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By Devin D. Coleman
Returning citizens in Florida face many challenges upon completion of their sentence. People, including returning citizens themselves, are often surprised to learn about the collateral consequences. When a verdict is rendered (whether it be through a plea agreement or trial in front of judge and jury), the defendant typically assumes that their debt to society will be paid in full upon completion of their sentence. Unfortunately, this isn't the case.
Many collateral consequences place devastating barriers to full integration into society, leaving some of Florida's most disenfranchised a front row seat to a life of rejection and access denied, as these citizens are continually turned down and shunned on the doorstep of each job and housing opportunity they seek. Even food access is extremely limited for returning citizens. Florida is one of only four states that disenfranchises returning citizens from civic participation, unless they are granted clemency from the Office of Executive Clemency. The process has impacted the lives of over 1.6 million returning citizens, as well as their families and communities. Changing this policy would benefit all of Florida.
The economic impact alone of enfranchising Florida's returning citizens would add approximately $365 million to Florida's economy. Couple this with the knowledge that restoring civil rights lowers recidivism, and it makes sense why so many people see this solution as a no-brainer. With this in mind, the Florida Rights Restoration Coalition, along with partner organizations (statewide and nationally), began working towards creating a Florida that operates from a space of restoration of returning citizens and their civil rights, versus everlasting punishment post-conviction.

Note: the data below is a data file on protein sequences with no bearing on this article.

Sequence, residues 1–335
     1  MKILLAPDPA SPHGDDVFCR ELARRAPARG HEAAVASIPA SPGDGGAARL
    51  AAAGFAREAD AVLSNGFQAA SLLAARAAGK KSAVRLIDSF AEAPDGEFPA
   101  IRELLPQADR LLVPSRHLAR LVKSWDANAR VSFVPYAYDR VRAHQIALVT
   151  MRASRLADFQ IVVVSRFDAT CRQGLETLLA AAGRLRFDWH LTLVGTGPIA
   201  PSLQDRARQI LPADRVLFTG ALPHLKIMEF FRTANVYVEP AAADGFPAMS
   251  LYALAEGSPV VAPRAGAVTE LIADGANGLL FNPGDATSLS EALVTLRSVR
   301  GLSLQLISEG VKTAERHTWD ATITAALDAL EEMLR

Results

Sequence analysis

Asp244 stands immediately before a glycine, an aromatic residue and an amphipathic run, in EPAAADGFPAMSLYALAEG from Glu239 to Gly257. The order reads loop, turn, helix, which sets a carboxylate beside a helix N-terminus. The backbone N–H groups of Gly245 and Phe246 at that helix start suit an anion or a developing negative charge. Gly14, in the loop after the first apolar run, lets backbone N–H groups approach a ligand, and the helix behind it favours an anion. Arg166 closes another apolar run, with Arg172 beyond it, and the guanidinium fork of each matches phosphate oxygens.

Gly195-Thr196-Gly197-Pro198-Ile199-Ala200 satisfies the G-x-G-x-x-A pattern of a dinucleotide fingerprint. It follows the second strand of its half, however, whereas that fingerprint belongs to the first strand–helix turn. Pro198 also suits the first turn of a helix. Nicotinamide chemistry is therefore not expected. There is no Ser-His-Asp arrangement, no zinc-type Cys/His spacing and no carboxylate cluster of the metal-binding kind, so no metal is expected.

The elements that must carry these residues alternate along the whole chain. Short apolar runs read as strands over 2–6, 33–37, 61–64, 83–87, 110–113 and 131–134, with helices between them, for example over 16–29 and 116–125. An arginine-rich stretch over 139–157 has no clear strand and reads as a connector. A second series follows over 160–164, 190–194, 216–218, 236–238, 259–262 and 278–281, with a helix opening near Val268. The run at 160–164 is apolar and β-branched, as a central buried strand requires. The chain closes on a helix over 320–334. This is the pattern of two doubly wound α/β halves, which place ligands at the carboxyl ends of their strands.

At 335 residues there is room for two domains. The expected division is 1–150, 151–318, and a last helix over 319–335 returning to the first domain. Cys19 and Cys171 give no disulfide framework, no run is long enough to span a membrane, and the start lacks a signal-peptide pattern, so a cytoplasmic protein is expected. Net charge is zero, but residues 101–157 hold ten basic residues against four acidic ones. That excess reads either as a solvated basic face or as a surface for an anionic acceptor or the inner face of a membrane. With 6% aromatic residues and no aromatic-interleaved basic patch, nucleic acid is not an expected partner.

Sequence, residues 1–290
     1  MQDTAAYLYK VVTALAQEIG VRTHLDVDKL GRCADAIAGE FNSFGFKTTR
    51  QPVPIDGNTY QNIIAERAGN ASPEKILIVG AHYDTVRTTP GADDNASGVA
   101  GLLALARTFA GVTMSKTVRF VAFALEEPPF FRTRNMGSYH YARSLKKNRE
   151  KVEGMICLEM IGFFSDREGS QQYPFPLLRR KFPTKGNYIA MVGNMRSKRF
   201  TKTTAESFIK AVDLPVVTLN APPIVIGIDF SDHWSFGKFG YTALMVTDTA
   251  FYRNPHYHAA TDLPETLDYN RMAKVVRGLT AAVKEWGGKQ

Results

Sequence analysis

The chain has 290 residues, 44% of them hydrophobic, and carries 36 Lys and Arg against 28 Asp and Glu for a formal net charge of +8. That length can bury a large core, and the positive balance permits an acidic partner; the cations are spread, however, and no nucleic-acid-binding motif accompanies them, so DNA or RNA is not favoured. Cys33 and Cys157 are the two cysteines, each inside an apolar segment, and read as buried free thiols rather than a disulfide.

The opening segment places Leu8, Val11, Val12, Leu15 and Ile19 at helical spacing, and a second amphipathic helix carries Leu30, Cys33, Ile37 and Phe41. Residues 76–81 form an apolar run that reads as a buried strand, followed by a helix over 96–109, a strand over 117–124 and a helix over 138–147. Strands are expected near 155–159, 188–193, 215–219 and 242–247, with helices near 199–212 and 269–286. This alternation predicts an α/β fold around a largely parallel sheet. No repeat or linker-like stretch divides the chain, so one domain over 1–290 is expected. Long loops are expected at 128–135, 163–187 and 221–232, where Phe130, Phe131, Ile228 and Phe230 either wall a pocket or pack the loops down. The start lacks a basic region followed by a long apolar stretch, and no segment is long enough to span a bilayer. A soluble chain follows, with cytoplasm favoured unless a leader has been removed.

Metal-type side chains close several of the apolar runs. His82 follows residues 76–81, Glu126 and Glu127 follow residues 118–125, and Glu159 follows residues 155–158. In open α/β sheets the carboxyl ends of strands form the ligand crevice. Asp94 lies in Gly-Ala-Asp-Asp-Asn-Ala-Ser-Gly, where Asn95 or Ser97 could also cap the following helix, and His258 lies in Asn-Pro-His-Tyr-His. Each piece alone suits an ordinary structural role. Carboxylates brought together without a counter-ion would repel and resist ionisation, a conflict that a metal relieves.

Through these initiatives, the Say Yes to Second Chances Campaign was birthed, with the intent of restoring the voting rights of returning citizens in Florida. Subsequently, members collected over 1 million signatures in a matter of months to this end, proving voters in Florida believe in second chances. Once voters heard the stories of returning citizens and saw these were regular people with hopes, dreams, and true potential just like them, mindsets began to shift.
Through our work in communities organizing and building chapters across the state of Florida, we've found that there is no shortage of stories of citizens fully committed to their path of redemption. From veterans that served our country yet were denied safe housing and employment opportunities to support their families, to the youth that grew up in the system as a result of the school-to-prison pipeline—so many shoulders are burdened with the weight of the world, aspirations deferred and the American Dream denied.
But there is hope. We see it every day. This hope is fueled by the passion and sacrifices made by a resilient group of returning citizens with the support of organizations, clergy, and community leaders who believe in second chances. We hope you will join the movement to restore the voting rights of returning citizens.
Devin D. Coleman is an executive board member of the Florida Rights Restoration Coalition.
By Jordan Teague, senior international policy advisor
In just five years, Kenya reduced its...
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“As you therefore have received Christ Jesus the Lord, continue to live your lives in him, rooted and built up in him and established in faith.” These words from Colossians 2:6 remind us of the faith that is active in love for our neighbors.
The Bible on...
Dear Members of Congress,
As the president and Congress are preparing their plans for this year, almost 100 church leaders—from all the families of U.S. Christianity—are...
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Bread for the World and its partners are asking Congress to provide $200 million for global nutrition in the fiscal year 2020 budget.
In 2017, 11.8 percent of households in the U.S.—40 million people—were food-insecure, meaning that they were unsure at some point during the year about how they would provide for their next meal.